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Last Call Review of draft-ietf-6man-default-iids-16

Request Review of draft-ietf-6man-default-iids
Requested revision No specific revision (document currently at 16)
Type Last Call Review
Team Security Area Directorate (secdir)
Deadline 2016-12-02
Requested 2016-11-17
Authors Fernando Gont , Alissa Cooper , Dave Thaler , Will (Shucheng) LIU
I-D last updated 2016-11-24
Completed reviews Secdir Last Call review of -16 by Charlie Kaufman
Genart Last Call review of -16 by Roni Even
Intdir Early review of -15 by Jouni Korhonen (diff)
Opsdir Last Call review of -16 by Sarah Banks
Assignment Reviewer Charlie Kaufman
State Completed
Request Last Call review on draft-ietf-6man-default-iids by Security Area Directorate Assigned
Reviewed revision 16
Result Ready
Completed 2016-11-24

I have reviewed this document as part of the security directorate's ongoing
effort to review all IETF documents being processed by the IESG. These comments
were written primarily for the benefit of the security area directors. Document
editors and WG chairs
 should treat these comments just like any other last call comments.

This document is: Ready

This is a bookkeeping document with no technical content. At issue is how to
pick the low order eight bytes of IPv6 addresses. The original vision was to
use the six bytes MAC address or the eight bytes from some other MAC address
assignment mechanism so
 that addresses could be unique without any special configuration. That
 approach has been problematic. In an increasingly virtualized world, more and
 more entities need IPv6 addresses that don't have physical adaptors from which
 to get MAC addresses. Worse, privacy enthusiasts believe it will leak too much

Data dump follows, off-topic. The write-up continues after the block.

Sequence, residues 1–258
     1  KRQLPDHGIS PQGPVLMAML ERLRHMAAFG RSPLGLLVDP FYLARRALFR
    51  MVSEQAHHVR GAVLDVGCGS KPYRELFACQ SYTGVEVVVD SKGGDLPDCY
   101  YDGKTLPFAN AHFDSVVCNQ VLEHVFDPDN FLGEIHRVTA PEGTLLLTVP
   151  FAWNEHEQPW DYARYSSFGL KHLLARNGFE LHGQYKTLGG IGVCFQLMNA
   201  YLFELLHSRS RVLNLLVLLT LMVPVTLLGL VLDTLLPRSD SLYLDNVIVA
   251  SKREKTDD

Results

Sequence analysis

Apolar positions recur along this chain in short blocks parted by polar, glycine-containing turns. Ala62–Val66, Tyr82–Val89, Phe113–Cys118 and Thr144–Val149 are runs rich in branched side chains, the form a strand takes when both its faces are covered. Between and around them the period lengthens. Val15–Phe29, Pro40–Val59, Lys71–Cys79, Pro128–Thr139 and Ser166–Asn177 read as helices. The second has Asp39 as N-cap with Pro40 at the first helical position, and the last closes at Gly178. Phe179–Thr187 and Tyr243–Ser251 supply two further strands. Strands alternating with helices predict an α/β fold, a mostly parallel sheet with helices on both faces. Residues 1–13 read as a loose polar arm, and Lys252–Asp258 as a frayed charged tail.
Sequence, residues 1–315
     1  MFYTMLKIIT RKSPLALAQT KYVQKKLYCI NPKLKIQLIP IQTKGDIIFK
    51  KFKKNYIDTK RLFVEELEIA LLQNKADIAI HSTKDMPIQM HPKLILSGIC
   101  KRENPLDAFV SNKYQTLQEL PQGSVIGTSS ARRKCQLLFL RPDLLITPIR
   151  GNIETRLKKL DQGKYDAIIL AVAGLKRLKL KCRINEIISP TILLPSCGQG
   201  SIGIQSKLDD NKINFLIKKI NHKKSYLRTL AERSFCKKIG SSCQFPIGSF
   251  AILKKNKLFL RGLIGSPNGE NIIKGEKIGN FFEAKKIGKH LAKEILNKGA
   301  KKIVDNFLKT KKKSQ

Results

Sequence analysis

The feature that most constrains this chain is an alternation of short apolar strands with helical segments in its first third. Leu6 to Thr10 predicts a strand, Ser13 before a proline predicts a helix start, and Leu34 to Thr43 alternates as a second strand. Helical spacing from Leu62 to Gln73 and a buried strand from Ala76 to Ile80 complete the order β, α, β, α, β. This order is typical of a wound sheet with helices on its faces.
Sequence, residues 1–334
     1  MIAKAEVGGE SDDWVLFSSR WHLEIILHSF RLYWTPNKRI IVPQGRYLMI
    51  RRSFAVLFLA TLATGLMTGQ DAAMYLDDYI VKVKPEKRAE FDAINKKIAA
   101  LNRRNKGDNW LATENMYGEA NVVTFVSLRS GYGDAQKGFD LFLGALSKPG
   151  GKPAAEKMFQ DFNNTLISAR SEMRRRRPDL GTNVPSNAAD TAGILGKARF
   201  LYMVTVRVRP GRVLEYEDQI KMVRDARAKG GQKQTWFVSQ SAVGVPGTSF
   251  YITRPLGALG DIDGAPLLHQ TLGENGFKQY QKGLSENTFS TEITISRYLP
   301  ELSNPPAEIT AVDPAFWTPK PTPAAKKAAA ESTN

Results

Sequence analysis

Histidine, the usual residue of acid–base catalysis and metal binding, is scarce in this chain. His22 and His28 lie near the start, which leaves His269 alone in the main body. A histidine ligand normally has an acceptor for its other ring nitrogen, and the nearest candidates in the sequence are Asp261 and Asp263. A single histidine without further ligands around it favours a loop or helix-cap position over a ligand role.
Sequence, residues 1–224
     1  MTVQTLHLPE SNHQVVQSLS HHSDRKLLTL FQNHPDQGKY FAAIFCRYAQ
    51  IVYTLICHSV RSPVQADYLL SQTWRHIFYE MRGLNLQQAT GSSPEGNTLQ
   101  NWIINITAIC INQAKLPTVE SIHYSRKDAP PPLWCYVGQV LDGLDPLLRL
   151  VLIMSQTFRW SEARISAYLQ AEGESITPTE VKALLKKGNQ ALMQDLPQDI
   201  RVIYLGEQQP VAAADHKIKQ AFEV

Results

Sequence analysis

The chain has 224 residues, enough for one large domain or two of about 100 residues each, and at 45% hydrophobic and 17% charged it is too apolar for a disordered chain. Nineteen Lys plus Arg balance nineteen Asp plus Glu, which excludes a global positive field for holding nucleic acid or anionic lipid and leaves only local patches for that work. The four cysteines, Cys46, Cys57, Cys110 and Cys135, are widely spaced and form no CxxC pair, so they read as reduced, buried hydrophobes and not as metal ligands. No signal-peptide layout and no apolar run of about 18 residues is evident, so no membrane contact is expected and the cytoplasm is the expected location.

information about who you are if you use the same low order bits in an IPv6
 address when connecting to different network connection points.

RFC7217 specified an alternate means for choosing the low order 8 bytes of IPv6
addresses that will generate consistent addresses when connecting to the same
network connection point but different addresses when connecting different
ones. There is a growing
 consensus that this is a better default behavior.

Unfortunately, there are lots of existing RFCs that include contrary advice...
that still recommend the older mechanism. So this document

formally updates




























to reflect the new advice. If we can do this instead of going back and updating
all of those documents, then there is an administrative savings. If we're also
going to go back and amend each of those documents, then
 I'm not sure what this document is for.

 any case, there should be no security objections to this document. Any such
 objections should have been lodged against RFC7217.


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